Pity, then, that this configuration of the Sony VAIO SB Series costs £1,699. The base model starts at only £699, but that configuration won't dominate our benchmarks as our review model does.
The VAIO SB is a 13.3-inch ultraportable that weighs a modest 1.7kg, perhaps a touch less for lower-end configurations. The top-end model we tested - the VPCSB1A9E - may cost nearly £1,700, but you get some pretty impressive hardware for that price. There's an Intel Core i7-2620M processor, which is a dual-core CPU with hyperthreading that runs at a base clock speed of 2.7GHz.
Add to that very capable processor 8GB of RAM, switchable graphics between the Intel integrated and a Radeon HD 6630M with 1GB of graphics RAM, and a fast 128GB solid state drive. Not enough? How about dual-band 802.11n networking, Bluetooth 2.1 + EDR, a combination BD-ROM and DVD burner, and support for Intel's WiDi wireless display technology. How they crammed all this good stuff into a lightweight, slimline 13-inch laptop is beyond me.
All that hardware is enough to deliver a WorldBench 6 score of 144, which is higher than any other laptop of this size and weight. Does that destroy battery life? Far from it! In our rundown test the VAIO SB series battery lasted an impressive 7 hours and 19 minutes. There's a physical switch above the F3 key to change between "stamina" (integrated graphics) and "speed" (discrete graphics).
See also: Group test: what's the best laptop?
Our battery stamina tests were run with the switch set to "stamina"... enabling the Radeon discrete graphics will cut battery time in half or worse. We also tested the optional slice battery that fits neatly across the bottom of the laptop, making it a third of an inch thicker, and almost a pound heavier. This optional accessory will add about 5 hours of maximum battery life.
There's a lot to like about the design of the Sony VAIO SB series. The matte display only has a resolution of 1366 by 768, but that's typical for a 13.3-inch screen. Colour, contrast, and brightness are pretty good, and horizontal viewing angles are better than most laptops I've seen. Vertical viewing angles are predictably poor, though. The screen will either get washed-out or too dark if the lid is open to far, or not enough.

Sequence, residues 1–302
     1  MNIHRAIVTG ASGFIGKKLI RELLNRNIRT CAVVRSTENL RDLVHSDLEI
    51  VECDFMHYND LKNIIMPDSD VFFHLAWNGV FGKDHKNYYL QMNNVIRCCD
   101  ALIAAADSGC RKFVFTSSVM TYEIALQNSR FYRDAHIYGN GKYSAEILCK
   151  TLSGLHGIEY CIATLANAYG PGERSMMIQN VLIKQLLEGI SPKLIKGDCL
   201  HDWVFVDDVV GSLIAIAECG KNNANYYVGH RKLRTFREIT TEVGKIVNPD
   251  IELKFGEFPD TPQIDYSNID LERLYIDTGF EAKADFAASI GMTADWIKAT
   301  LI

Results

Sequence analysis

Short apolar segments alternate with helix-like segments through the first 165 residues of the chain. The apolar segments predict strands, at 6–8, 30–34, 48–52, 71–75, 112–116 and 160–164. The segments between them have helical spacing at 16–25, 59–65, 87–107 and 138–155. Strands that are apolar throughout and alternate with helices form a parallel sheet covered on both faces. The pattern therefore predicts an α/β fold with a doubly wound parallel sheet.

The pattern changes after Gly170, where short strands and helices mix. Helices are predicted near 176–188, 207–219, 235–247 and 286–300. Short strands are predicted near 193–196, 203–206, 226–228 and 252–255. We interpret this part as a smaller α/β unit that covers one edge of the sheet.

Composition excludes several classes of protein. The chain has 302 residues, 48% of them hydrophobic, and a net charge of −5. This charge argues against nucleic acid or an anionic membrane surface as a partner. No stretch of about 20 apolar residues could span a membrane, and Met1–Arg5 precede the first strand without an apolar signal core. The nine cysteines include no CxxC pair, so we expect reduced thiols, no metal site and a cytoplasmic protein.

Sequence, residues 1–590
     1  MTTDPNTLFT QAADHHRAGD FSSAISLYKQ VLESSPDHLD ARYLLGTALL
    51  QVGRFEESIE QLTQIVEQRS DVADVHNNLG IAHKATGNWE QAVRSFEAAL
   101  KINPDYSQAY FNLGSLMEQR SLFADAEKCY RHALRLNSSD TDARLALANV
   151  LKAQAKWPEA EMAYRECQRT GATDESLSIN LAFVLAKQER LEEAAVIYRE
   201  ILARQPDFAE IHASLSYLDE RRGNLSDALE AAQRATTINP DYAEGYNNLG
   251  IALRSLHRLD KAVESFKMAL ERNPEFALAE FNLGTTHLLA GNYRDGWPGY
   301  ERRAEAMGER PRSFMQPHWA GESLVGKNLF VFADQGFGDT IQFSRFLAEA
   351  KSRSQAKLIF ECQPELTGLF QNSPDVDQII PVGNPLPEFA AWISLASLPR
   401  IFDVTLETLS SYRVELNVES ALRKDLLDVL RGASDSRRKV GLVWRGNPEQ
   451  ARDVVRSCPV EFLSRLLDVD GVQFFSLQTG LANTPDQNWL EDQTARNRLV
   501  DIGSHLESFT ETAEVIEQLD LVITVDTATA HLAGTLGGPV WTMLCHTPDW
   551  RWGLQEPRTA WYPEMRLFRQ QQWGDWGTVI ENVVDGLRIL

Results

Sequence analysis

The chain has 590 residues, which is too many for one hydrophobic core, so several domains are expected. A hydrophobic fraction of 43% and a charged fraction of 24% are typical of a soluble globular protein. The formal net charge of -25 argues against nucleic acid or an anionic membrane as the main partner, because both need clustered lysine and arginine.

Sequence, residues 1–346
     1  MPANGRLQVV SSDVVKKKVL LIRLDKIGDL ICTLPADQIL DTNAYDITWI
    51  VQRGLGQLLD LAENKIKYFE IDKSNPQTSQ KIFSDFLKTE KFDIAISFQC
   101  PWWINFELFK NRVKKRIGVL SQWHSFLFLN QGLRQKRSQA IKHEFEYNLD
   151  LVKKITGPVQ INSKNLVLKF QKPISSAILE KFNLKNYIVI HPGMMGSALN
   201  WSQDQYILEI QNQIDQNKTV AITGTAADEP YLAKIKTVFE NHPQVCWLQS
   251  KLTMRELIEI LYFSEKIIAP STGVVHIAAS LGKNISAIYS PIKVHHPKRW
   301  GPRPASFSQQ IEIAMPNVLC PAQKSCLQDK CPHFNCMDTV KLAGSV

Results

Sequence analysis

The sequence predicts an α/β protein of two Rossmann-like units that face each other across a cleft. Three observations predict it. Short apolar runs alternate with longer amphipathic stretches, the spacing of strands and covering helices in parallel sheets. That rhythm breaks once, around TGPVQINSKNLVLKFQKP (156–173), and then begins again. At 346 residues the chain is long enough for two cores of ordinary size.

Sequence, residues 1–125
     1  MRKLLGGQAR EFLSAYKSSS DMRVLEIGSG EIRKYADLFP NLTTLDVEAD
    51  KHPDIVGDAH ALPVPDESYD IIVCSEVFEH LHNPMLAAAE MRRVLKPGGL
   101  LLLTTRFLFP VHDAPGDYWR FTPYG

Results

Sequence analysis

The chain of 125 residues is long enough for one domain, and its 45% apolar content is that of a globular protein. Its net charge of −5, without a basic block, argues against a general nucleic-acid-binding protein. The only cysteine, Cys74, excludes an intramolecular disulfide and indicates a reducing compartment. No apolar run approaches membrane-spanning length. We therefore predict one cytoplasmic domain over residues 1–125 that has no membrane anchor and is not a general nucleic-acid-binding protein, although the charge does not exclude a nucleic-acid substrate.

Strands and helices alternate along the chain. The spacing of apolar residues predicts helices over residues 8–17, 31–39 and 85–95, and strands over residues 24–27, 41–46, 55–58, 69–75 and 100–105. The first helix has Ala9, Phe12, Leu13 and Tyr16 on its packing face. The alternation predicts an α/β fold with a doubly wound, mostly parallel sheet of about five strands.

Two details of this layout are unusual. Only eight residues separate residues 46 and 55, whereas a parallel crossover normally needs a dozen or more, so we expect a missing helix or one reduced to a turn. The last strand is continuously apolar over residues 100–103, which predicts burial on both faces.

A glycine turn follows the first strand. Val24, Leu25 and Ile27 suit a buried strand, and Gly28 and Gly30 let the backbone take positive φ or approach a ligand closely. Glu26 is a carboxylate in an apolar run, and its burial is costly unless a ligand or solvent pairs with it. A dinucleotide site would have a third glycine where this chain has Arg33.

The island chiclet style keyboard is quite good. Key travel is a bit on the short side, but spacing is nice and there's a good tactile "clicky" feel to the keys. The trackpad is similarly good. It tracks smoothly and accurately, with two distinct buttons on which it's hard to accidentally register clicks. It supports a fairly wide variety of multi-touch gestures, though oddly enough, two-finger scrolling is not on the menu.
The left side of the system is sparse, featuring only the BD-ROM and DVD burning combination optical drive. All the action is along the right edge, which has a memory stick slot, an SD card slot, VGA and HDMI outputs, one USB 3.0 port, two USB 2.0 ports, gigabit Ethernet, and the power jack. Those who like physical switches to disable Wi-Fi will be happy to know there's one along the front edge.
As usual, Sony loads down their system with a little too much software for my tastes. I'm not a fan of the pop-out dock at the top of the screen, or the way Norton Internet Security constantly nags me to pay up once the 30-day trial is over. It's great that Sony bundles Photoshop Elements 8, Premiere Elements 8, and PowerDVD, though. Also included; ArcSoft webcam software, Sony's media gallery, and Microsoft Office Starter 2010. If you're like me and you prefer your laptop a little more "lean and mean," it's easy enough to remove most of this stuff.